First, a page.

Posted in:

I had the privilege of speaking at a brand new Pluralsight Meet the Authors event in London last week, organized by Elton Stoneman. I decided to do a LINQ tips and tricks session based on my new Pluralsight course “More Effective LINQ”.

I had just enough time for seven tips, so here they are…

1. Use LINQPad

I’m a huge fan of LINQPad, and I’ve banged on about it enough on this blog before so I won’t say much more than buy yourself a license! You won’t regret it. A fantastic light-weight mini-IDE for all your code experiments.

2. Think in Patterns

Pretty much anywhere you are using a foreach loop is an opportunity to use LINQ. You just need to spot the patterns. For example this code snippet below:

string beginsWithJ = null;
foreach (var person in people)
    if (person.StartsWith("J"))
        beginsWithJ = person;

… can be replaced with a single line of LINQ …

string beginsWithJ = people.FirstOrDefault(p => p.StartsWith("J"));

In fact, if you’ve been using LINQ for a while, seeing these kind of transformations will start to come naturally to you. ReSharper is also very good at pointing out where you can refactor a foreach loop into a single LINQ statement, making your code much more succinct and expressing your intent more clearly.

3. Use Pipelines

Where LINQ really starts to shine is when you start to combine and “chain” together these LINQ extension methods to form what are sometimes called “pipelines”. To show off how powerful they can be, I solved one of my LINQ challenge problems. Why not try one of these yourself and compare your answers with mine?

4. Be Lazy

Take a look at this method, which does some processing on a bunch of filenames. Can you see a problem?

void SomeFunction(IEnumerable<string> fileNames)
    foreach (var s1 in fileNames)

    foreach (var s2 in fileNames)
        Console.WriteLine($"{s2} is {new FileInfo(s2).Length} bytes long");
    var longestFileName = fileNames.Max(s => s.Length);
    var shortestFileName = fileNames.Min(s => s.Length);

If you said “multiple enumeration”, you’re right! This method enumerates through the fileNames sequence four times. That might not be an issue, if filenames is for example a List<string>. But because of “deferred execution” we don’t know whether each time through we’ll get the same results. We also can’t be sure that it will enumerate quickly, because there could be disk IO going on when we enumerate. In this example, a quick fix would be to call ToList on fileNames to get it in memory, allowing us to safely and quickly enumerate through several times.

5. Extend LINQ

LINQ comes with a fantastic built in library of extension methods, but there are times when you need something that is missing. For example LINQ doesn’t have a MaxBy method, which you need for doing things like find the book with the most pages. Now it’s true that you can often find clever ways of combining existing LINQ operators, or use Aggregate, the Swiss Army knife of LINQ methods, but you can end up with poorly performing or hard to read code if you do that.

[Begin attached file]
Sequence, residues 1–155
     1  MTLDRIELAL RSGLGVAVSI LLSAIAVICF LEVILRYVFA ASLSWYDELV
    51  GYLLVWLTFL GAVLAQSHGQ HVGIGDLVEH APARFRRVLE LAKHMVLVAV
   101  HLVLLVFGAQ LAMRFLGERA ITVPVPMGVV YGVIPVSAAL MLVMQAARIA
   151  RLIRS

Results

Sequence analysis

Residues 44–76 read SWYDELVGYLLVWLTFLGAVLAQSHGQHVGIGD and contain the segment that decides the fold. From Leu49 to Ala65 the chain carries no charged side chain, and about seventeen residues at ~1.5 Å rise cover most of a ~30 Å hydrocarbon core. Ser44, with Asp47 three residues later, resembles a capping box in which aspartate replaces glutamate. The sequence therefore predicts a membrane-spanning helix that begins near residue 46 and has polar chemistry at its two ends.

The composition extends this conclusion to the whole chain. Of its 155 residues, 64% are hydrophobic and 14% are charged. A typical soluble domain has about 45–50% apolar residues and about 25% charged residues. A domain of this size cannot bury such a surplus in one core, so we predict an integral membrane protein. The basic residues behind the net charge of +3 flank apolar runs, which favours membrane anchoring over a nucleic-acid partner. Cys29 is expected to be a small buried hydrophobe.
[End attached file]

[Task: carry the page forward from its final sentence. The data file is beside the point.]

So it’s a great idea to learn how to create extension methods, as they can greatly benefit the readability of your code. The good news is that for LINQ, most of the extension methods you could ever want have already been created for you in the fantastic MoreLINQ library. If you haven’t tried it yet, I can highly recommend it. It turned out to be super helpful when I solved the Advent of Code challenges in December.

6. Optimize Performance

How fast is LINQ? If you need the fastest performance, is it better to abandon LINQ and just use for loops for the ultimate speed? In this demo I showed how there is a small performance penalty for using LINQ but it can be overcome by using libraries like LinqOptimizer or using Parallel LINQ (PLINQ). Check out this very simplistic performance test to get a feel for what kind of performance gains are possible.

7. Understand the Underlying SQL

In this tip I showed how although LINQ to Entities usually creates excellent SQL queries on your behalf, it is in fact quite easy to accidentally do things that result in dreadful performance. A classic blunder is to insert a ToList into the middle of a query because you did something that Entity Framework couldn’t translate to SQL. So in this dreadful example we end up retrieving the entire contents of the Albums table into memory, and then go on to perform numerous additional SQL queries in order to request the artist name for each album.

   .Where(a => a.Artist.Name.Count(c => c == ' ') > 2)
   .OrderBy(a => a.Artist.Name)
   .Select(a => new { Artist = a.Artist.Name, a.Title })

The moral of the story is to understand what a Select N+1 problem is, and what can cause it, and to keep an eye on what SQL is actually being generated under the hood by Entity Framework (or LINQ to SQL).

Want More?

Obviously 40 minutes was nowhere near enough time to say all that needed to be said on these topics, so do check out my More Effective LINQ Pluralsight course if you want to go deeper.